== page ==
It was the second week of her new job, and Jane was panicking.
She'd finally been hired as a brand manager at a company she'd been eyeing for years. It was her dream job, but she already felt like quitting.
After the first week of introductions, she'd met with her VP who was excited to see hear what she had planned. Jane's brand portfolio was struggling, and the VP wanted to know how she was going to turn things around.
Jane needed a way to quickly find out why each of her brands were in trouble, and create a strategy to fix them.
With a her company expecting results so soon, she felt lost.
How was she going to figure all of this out in time?
When to do market research
The first step any brand manager or strategist worth their salt should take when starting a new job is to figure out what the hell is going on.
You need to view the brand through the eyes of the consumer, understand it's weaknesses and strengths, and where it sits in the market.
To do this, you need market research.
Before jumping into the exciting world of strategy and tactics, you need to go through a discovery phase that uncovers exactly where the brand came from, where it currently sits in the market, and where it wants to go in the future.
The pressure on new brand managers to deliver results soon after starting at a new company means that this discovery phase is often rushed, or not done at all - which is a huge mistake.
The Emperor of Ice-Cream
My favourite marketing story about making time for proper diagnosis involves former Gucci Group CEO Robert Polet.
Polet was hired at Gucci after heading Unilever's frozen products division for many years. His hiring was openly mocked by many in the luxury goods market - "What does an ice-cream salesman know about high end fashion?!"
To make things worse, Polet chose to start his tenure in the month of July, just as the entire company was about to shut down for the summer holidays. The joke was that the new CEO would be the only person in the office on his first day.
But the joke was on the doubters.
Polet knew that Gucci started its new fiscal year in January. That meant he had six months to build a strategy that fixed Gucci's many problems. He used the quiet summer in France to launch an extensive diagnosis of all the brands in the group's house, which became the foundation of his successful strategy that turned the flagging empire into a growing, profitable force.
Free from the pressures and distractions of a fully functioning office, the ice-cream man built a solid understanding of Gucci and it's place in the luxury fashion market. Four years later, his success led him to win Europe Businessman of the Year.
The research methods he used to diagnose Gucci's problems almost certainly included the following...
Essential market research
There are four types of research you need to cover for a proper brand diagnosis.
A French word that refers to the unique characteristics of geography and soil that influence the taste of grapes in vineyards. In a research context it means delving into the heritage of the brand, its founders, and original location.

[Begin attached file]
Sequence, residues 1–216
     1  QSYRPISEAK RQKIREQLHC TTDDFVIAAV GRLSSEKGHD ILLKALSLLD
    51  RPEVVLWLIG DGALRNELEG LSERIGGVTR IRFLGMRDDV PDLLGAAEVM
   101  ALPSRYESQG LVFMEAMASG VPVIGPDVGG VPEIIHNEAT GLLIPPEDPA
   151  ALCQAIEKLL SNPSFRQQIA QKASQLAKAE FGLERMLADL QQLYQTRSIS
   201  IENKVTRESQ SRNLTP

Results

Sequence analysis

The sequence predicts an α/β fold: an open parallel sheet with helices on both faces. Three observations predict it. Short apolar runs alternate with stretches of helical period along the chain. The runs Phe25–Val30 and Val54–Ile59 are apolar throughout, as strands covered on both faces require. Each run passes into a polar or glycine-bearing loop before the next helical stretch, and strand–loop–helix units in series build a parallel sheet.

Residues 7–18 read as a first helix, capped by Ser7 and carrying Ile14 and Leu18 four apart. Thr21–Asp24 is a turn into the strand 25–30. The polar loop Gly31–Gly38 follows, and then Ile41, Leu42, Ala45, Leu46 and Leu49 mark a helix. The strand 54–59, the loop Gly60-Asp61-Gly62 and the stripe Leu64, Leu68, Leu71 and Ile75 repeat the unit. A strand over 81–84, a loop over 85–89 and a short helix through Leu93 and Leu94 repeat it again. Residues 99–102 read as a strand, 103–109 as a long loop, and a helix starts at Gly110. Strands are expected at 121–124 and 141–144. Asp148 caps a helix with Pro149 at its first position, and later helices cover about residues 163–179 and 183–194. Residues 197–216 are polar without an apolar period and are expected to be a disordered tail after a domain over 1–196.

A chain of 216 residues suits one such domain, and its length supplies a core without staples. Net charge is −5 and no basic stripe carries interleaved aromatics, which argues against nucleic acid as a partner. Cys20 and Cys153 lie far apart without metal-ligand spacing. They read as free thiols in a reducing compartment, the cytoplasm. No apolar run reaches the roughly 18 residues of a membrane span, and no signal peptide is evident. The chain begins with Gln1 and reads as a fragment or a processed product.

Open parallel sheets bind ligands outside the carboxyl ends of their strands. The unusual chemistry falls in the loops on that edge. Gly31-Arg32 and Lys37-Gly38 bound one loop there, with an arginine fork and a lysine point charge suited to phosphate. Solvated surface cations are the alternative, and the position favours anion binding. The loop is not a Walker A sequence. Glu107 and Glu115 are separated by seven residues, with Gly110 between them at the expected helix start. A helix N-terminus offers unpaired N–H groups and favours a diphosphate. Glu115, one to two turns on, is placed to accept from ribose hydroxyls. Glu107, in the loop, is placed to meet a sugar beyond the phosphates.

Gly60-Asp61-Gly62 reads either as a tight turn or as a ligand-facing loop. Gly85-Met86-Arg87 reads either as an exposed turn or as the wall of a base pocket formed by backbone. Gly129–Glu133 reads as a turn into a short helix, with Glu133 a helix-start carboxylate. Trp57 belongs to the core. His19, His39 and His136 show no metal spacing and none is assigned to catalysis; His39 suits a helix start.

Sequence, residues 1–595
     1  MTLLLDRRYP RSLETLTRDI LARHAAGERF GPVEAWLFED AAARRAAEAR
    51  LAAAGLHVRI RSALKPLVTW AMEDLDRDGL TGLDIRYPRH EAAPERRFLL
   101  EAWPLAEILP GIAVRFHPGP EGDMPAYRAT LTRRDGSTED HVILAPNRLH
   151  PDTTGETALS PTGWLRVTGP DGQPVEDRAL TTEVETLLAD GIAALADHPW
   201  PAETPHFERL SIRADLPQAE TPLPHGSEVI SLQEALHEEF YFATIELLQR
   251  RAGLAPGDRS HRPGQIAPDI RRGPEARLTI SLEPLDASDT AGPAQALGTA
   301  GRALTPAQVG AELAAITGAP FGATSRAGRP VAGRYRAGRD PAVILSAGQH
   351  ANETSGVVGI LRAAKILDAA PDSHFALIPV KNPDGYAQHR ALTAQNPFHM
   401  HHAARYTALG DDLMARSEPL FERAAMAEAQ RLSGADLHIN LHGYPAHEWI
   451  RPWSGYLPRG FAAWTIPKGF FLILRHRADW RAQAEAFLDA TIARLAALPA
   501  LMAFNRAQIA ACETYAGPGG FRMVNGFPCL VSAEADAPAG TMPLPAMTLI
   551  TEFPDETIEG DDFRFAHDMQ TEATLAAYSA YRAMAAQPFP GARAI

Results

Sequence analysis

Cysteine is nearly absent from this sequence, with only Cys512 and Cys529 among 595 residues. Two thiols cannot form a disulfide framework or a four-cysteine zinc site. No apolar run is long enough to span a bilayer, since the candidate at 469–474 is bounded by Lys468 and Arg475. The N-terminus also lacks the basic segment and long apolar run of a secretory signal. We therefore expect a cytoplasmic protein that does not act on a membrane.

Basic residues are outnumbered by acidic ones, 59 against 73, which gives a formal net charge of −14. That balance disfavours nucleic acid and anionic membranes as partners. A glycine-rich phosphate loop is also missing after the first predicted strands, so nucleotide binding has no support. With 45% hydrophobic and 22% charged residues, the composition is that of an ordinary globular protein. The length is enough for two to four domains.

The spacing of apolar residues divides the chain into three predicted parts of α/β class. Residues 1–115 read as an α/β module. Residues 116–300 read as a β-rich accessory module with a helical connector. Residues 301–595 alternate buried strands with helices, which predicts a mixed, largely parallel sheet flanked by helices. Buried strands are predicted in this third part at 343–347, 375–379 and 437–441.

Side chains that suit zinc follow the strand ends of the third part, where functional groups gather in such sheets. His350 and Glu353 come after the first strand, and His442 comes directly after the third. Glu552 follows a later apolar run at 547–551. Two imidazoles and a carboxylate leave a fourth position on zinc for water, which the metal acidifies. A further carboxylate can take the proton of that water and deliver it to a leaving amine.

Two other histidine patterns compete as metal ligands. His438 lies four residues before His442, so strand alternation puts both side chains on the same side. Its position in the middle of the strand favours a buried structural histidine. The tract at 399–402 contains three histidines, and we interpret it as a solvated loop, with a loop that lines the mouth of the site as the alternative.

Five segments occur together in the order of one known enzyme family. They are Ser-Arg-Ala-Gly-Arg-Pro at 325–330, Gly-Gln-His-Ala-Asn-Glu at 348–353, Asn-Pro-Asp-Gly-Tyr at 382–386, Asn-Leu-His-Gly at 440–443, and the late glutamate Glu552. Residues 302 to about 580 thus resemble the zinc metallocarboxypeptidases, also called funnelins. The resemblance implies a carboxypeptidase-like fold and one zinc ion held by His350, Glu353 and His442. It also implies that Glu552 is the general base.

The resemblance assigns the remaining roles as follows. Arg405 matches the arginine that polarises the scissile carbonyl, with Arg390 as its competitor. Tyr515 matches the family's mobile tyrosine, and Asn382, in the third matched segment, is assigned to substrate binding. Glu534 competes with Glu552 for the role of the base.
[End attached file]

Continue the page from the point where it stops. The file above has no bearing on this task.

2. Secondary research
Spend a few hours Google finding everything you can on the brand. News stories, press releases, old interviews with founders or key employees. Don't forget to look at old or existing brand research too. You'll often uncover hidden gold.
3. Consumers (Qualitative)
You need to know what people actually think about your brand, both good and bad. Use focus groups, ethnographic studies, and loyalist research to see the brand in the eyes of the consumer. Loyalist research with extreme consumers is a fantastic (and under-used) way to figure out what people love and hate about your brand.
4. Surveys (Quantitative)
Consumer groups are not representative of the market, so use the data you collect from them to create a survey that extrapolates your findings to the whole market. Re-run the survey every year to track changes in sentiment.
A marriage of Poets & Quants
The key to painting an accurate picture with your research is marrying the soft, fuzzy consumer data (poets) with hard, precise numbers and facts (quants).
Completing your heritage, secondary and consumer research will give you a list of 1-10 words associated with your brand.
Now, use qualitative surveys to quantify those findings and see which associations are significant.
If you structure your survey questions to mimic your brand's buying funnel (hint: you should definitely do this), you will also uncover purchase drivers across all your market segments.
In other words, you will know exactly what words people associate with your brand, how strong each association is, and which of those associations you need to focus on to drive growth.
Half the cost, half the time
Like Robert Polet, Jane needs to carve out the time and money to do a proper diagnosis before jumping into strategy and tactics.
A common complaint amongst marketers is that this level of research typically takes months to complete, and costs hundreds of thousands of dollars.
However, with the new availability of online survey panels and platforms it is now possible to do a full diagnosis for a third of the cost in half the time.
I've done most, if not all, of this research in three months for under $10,000 in total.
A proper brand diagnosis is the foundation of a solid marketing strategy, and helps companies and brands:
Understand their customers
Balance long and short-term market growth
Create effective, profitable marketing campaigns
If you need help conducting a proper brand diagnosis, get in touch!